The Christian message has been lost in the gay marriage debate

12 03 2012

If Christians want to be heard in a debate about Gay marriage, they must think more carefully before they speak.

The church should never feel obliged to follow fashions, and keep in step with popular opinion. We forget at our peril that Christ made himself deeply unpopular – his message was so controversial that our ancestors were moved to crucify him.

Far from feeling intimidated when it seems the masses disagree, Christians should step up to the public platform and use the gospel to present challenging questions about the nature of our society.

Cardinal Keith O’Brien, Charles Moore and all the many other recent contributors to the debate about gay marriage may feel that this is what they are doing. Unfortunately their words are not only misplaced and ill-conceived, they are a gross misrepresentation of the Christian message.

Let us be clear about two things:

1) The church cannot speak with one voice on the issue of gay marriage – many many faithful and committed Christians support it, and believe in it passionately.

2) Over the course of the Twentieth Century marriage moved a long way from the institution described by ‘traditional church teaching’. The horse, one might say, has already bolted. Fiddling with the stable door is now simply an embarrassment.

I believe in gay marriage because I am confident that God loves all his creation, and celebrates the commitment of two people in a lifelong, sincere and loving relationship. The Church (of England, at least) must waste no time in preparing a service for blessing same-sex unions.

Using the word marriage is, I concede, a more complex affair for some Christians and we need to have a debate within church communities about how we move forward. There are arguments, subtle and nuanced, that suggest we should be cautious as we do so.

But these are not the arguments I see being bellowed across the pages of my newspaper. I am appalled and ashamed by the arguments being put forward by Christian leaders in recent weeks. These are not stupid people and yet they make their case with all the elegance of a drunken bigot.

It is simply not sufficient to rely on tradition if that tradition is based on ignorance, prejudice and injustice. What a disappointing faith Christianity would be if we could not come up with a more sophisticated reason for holding a belief than simply “that’s what we’ve always done.”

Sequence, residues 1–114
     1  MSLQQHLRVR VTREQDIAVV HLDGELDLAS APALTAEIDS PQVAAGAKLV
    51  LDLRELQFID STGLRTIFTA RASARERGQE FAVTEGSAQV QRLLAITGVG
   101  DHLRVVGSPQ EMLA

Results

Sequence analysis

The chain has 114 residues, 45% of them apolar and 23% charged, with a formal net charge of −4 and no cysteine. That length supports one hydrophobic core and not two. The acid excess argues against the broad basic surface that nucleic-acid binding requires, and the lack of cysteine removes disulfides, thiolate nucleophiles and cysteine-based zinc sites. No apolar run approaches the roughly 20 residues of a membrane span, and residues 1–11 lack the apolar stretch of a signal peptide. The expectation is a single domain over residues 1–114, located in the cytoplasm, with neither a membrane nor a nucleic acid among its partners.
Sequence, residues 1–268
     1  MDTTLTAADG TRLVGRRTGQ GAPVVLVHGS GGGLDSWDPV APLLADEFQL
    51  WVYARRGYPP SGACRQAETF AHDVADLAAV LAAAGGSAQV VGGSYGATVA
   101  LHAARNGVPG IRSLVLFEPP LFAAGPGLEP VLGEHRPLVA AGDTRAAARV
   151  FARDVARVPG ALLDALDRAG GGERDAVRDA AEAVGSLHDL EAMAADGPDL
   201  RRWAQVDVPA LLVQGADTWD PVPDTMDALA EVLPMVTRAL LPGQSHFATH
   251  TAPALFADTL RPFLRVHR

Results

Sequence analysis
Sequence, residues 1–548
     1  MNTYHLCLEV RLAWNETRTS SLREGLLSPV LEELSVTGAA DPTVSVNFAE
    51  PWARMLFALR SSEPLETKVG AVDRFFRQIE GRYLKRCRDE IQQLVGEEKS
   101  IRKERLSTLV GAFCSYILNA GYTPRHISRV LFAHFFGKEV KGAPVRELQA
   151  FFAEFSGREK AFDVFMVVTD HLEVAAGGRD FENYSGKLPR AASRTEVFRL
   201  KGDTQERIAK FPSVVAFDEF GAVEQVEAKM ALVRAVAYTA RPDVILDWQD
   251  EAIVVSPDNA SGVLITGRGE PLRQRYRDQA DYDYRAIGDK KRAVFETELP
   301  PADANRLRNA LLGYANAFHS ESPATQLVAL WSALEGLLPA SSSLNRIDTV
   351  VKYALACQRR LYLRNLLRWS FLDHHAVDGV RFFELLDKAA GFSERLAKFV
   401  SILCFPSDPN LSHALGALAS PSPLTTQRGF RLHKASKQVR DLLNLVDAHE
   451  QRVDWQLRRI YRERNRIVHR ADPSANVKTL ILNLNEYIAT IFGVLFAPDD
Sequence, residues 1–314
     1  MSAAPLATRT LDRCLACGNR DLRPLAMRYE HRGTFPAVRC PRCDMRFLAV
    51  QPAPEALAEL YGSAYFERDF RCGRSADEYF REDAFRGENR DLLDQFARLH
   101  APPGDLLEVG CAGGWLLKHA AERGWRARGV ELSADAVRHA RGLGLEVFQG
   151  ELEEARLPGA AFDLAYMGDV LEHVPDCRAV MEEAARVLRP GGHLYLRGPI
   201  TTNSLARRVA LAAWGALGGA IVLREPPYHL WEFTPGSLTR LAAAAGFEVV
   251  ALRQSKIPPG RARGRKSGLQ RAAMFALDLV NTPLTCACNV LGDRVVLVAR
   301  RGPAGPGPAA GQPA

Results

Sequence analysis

If it is so important that we restrict marriage to heterosexual couples, then surely we could take the time to think of some decent reasons for doing so.

In any case, before we get too excited about gay marriage, we need to remember where we are with straight marriage. Given that we extend the privileged nomenclature of ‘marriage’ not only to Christians, but to Muslims, divorcees and even atheists, it is difficult to stand in the way of the state extending it to another group unrelated to the church.

Most importantly, though, we must think carefully about the role of the Christian voice in the public sphere. We have the honour of being Christ’s presence on earth, and when we speak that must be clear both in what we say and the tone in which we say it.

Christ’s message has always been controversial. He was never tempted to abandon his principles in the interests of momentary popularity – and yet he never spoke of anybody in terms of ‘grotesque subversion’.

There are many Christians who oppose gay marriage. They deserve to be heard, and represented at the table of public discourse. But they should not be surprised when bigotry and woolly thinking are dismissed.

 

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2 responses

13 03 2012
evensongjunkie

Bravo. Failing to do so will just cause the church to fail further and become more irrelevant. And that’s not how to spread the Gospel.

20 03 2012
Andrew Bennison

Brilliant article James! Just discovered your blog – like you, I’m passionately interested in both education and the church. I shall be a keen reader from now on!

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